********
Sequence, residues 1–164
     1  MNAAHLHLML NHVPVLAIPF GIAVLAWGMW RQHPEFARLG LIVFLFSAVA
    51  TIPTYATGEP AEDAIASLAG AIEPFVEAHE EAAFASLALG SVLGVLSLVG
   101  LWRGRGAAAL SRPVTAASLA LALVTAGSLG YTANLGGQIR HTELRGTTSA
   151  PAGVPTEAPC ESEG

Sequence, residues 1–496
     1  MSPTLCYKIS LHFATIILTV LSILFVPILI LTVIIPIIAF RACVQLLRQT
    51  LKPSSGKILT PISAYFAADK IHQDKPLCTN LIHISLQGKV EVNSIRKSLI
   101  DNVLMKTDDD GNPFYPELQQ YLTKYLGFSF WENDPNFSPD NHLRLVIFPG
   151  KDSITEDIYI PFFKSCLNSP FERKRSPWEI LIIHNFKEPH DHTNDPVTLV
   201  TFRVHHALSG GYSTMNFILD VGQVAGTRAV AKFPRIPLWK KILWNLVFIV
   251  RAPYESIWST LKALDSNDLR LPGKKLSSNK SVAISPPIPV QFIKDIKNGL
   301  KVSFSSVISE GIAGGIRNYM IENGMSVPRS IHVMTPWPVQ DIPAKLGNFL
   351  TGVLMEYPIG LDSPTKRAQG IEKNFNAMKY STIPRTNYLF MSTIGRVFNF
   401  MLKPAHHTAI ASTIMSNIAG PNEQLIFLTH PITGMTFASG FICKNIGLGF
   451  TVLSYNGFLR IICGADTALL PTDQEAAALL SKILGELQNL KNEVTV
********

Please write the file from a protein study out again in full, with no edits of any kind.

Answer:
Sequence, residues 1–164
     1  MNAAHLHLML NHVPVLAIPF GIAVLAWGMW RQHPEFARLG LIVFLFSAVA
    51  TIPTYATGEP AEDAIASLAG AIEPFVEAHE EAAFASLALG SVLGVLSLVG
   101  LWRGRGAAAL SRPVTAASLA LALVTAGSLG YTANLGGQIR HTELRGTTSA
   151  PAGVPTEAPC ESEG

Sequence, residues 1–496
     1  MSPTLCYKIS LHFATIILTV LSILFVPILI LTVIIPIIAF RACVQLLRQT
    51  LKPSSGKILT PISAYFAADK IHQDKPLCTN LIHISLQGKV EVNSIRKSLI
   101  DNVLMKTDDD GNPFYPELQQ YLTKYLGFSF WENDPNFSPD NHLRLVIFPG
   151  KDSITEDIYI PFFKSCLNSP FERKRSPWEI LIIHNFKEPH DHTNDPVTLV
   201  TFRVHHALSG GYSTMNFILD VGQVAGTRAV AKFPRIPLWK KILWNLVFIV
   251  RAPYESIWST LKALDSNDLR LPGKKLSSNK SVAISPPIPV QFIKDIKNGL
   301  KVSFSSVISE GIAGGIRNYM IENGMSVPRS IHVMTPWPVQ DIPAKLGNFL
   351  TGVLMEYPIG LDSPTKRAQG IEKNFNAMKY STIPRTNYLF MSTIGRVFNF
   401  MLKPAHHTAI ASTIMSNIAG PNEQLIFLTH PITGMTFASG FICKNIGLGF
   451  TVLSYNGFLR IICGADTALL PTDQEAAALL SKILGELQNL KNEVTV